Here’s a free video game idea for you: The Haunting of Animal Crossing Villages Past. In the spirit of the season it’ll bit a horror, of course – well, half the villagers are nightmare-fuel anyway (Pietro has been Freddy Kreugered directly from my darkest dreams) – and take place in the cold, weed-infested villages and islands we let fall to ruin. The islanders left behind will be emaciated husks, starved of what they crave most – your friendship and camaraderie – and hellbent on making you pay for your abandonment. Nook wants to hoist you up on the flagpole outside Resident Services. Mabel’s next big seller will be a Hawaiian shirt made of your skin. Flick has gone full vampire – he wants those bugs to eat, dude.
My pals don’t have to worry about that, though. Though many islands are now abandoned, lost to weeds and tumbleweed, YuccaVee (it’s funny if you’re Welsh) is faring just fine, thanks. Animal Crossing: New Horizons wasn’t just a brief distraction to keep me going when the full force of Lockdown #1 hit; Animal Crossing: New Horizons is probably the only thing keeping me sane right now.
2021 has been… well, a lot. I’m not going to bore you with it, mainly because when I write down what’s happened to me in the last six months, it looks so unbelievable I’m not convinced even a soap opera would touch it. But I’m pretty sure things would’ve been significantly more stressful if it wasn’t for Animal Crossing: New Horizons, the kind of game that, on paper, I typically loathe.
There’s not even much to do, to be honest. It’s not like the old days when I stood barefoot on the shore, hooking Sea Bass after Sea Bass in an attempt to inflate my bell balance so I could afford that fancy kitchen unit at Nook’s Cranny. Thanks to a few tasty turns on the Stalk Market – nope, not a typo – I’m sitting on a Bell balance of around 25 million (oh, if only it was real) which means these days, I jump onto Animal Crossing: New Horizons not to get my chores done as much as I jump on to give me a brief 30-minute reprieve from real life.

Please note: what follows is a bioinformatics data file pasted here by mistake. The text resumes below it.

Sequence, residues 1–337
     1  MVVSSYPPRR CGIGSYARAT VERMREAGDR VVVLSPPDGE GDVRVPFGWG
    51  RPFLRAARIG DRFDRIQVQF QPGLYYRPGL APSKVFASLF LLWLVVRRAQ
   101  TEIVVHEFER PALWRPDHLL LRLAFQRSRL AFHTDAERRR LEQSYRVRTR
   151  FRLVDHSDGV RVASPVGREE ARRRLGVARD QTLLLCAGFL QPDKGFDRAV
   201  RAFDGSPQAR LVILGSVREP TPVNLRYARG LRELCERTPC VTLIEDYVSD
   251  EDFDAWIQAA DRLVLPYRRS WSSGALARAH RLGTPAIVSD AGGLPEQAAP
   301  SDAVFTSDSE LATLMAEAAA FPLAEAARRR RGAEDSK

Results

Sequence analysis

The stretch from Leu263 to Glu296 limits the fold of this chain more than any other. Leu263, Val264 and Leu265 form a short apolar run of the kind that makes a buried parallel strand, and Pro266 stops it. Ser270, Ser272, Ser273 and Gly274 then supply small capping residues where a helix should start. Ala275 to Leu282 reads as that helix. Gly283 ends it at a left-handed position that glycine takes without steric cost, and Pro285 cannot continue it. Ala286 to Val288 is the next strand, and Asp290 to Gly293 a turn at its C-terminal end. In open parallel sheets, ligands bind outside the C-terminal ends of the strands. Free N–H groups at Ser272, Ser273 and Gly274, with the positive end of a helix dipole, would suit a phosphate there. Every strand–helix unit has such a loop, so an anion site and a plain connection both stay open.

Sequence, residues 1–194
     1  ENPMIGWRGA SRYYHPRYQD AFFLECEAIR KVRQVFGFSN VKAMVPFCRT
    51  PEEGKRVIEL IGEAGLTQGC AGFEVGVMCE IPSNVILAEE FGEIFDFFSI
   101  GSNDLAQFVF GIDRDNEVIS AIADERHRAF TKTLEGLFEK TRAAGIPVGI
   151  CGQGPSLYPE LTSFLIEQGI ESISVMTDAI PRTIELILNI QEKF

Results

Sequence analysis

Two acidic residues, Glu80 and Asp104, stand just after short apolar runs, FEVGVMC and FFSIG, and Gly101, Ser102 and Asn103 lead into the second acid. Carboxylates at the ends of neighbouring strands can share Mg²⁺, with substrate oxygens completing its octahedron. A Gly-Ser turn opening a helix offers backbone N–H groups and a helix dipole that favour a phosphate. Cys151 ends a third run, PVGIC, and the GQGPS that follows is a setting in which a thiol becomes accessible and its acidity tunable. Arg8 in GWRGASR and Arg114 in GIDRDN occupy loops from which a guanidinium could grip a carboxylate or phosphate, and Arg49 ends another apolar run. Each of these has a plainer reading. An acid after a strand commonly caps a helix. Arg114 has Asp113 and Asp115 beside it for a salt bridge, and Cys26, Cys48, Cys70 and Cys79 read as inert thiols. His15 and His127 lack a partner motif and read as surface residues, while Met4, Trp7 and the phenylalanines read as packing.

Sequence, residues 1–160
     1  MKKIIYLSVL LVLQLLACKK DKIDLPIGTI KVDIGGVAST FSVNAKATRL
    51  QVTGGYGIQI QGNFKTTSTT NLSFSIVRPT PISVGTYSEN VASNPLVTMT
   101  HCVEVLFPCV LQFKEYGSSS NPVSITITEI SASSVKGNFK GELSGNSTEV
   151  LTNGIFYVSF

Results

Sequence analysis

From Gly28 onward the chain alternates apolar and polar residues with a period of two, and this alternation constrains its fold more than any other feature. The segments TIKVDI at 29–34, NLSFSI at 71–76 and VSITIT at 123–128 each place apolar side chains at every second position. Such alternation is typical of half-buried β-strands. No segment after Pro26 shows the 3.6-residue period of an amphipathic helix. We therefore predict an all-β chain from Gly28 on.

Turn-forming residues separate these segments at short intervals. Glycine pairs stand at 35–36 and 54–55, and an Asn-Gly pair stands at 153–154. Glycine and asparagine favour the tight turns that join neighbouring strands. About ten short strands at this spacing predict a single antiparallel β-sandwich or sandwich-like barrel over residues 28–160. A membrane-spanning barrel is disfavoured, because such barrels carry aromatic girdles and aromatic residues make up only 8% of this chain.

My favourite time of day to visit is 6pm. This is when the sky burns pink and the 6pm music kicks in – a soft, dreamy acoustic piece that manages to unhunch my shoulders from the very first note. I’m not very good at getting online at 6pm, so – and yes, I’m aware how sad this might sound – I’ve changed the timezone on my Switch to Eastern US so that when I jump on at the end of the day around 11pm UK time, the shop’s still open and my favourite tune is waiting for me.
I have a set routine now. It starts by checking the mail, followed by a jog along the shoreline of my island, collecting seashells and my daily message-in-a-bottle. If I pass fellow islanders, I stop to say hello, see what’s new, and gift them a new item of furniture or clothing. Sometimes they reciprocate. Sometimes they don’t. It’s cool. They rarely have anything I want, anyway.
Then it’s time to search for fossils. There is zero archaeological merit in this pursuit these days as my fossil exhibition in the museum was complete months and months ago, but I like the sound the spade makes when it digs things up, and selling them helps keep my Bell balance high. If I pass a weed I’ll pull it, naturally – ironic, given the state of my own back yard – and if I spy a piece of grass that gives off a golden glow, I’ll dig that up – 1000 Bells! Tidy! – and replace it with a 10K bag. In three days time, it will mature into a full, lush tree that grows not fruit but bags of cash. In this world, money really does grow on trees.
There’s more. Stone whacking to find the magical rock that gives you money. Tree shaking for – for reasons I do not understand – loose pieces of furniture. Someone somewhere is crafting a new DIY recipe, and while I think it’s been the best part of a year since an islander has shared something new with me, I can’t shake off the feeling that if I don’t check in with them today, I’ll miss out. Sometimes, I’ll tidy up the wild flora – my island is looking more like Night of the Triffids with each passing day – but most days I don’t. Most days it’s post, shells, fossils, money tree, rocks, and a brief stop at Nook’s Cranny to check out the wares.
If it sounds like pointless busyness, that’s because it is. None of this is particularly important. I can’t do much else in the game beyond bulldozing everything down and starting over, so it means if I forget to plant a money tree or grab a fossil, it doesn’t matter. No harm done. It’s just me, the sound of the ocean, and that gentle 6pm music.
Because while everyone else stopped giving a shit about Animal Crossing eighteen months ago, I’m still here. And I’m still here because it’s 30 minutes of my day where I can stop thinking and grieving and worrying and just concentrate on being present. Being okay. So until someone takes me up on my offer and makes a game in which Lloids soak up your lifeforce through their cold, empty eyesockets, that’s perfectly fine with me.
Animal Crossing New Horizons is out now for the Nintendo Switch.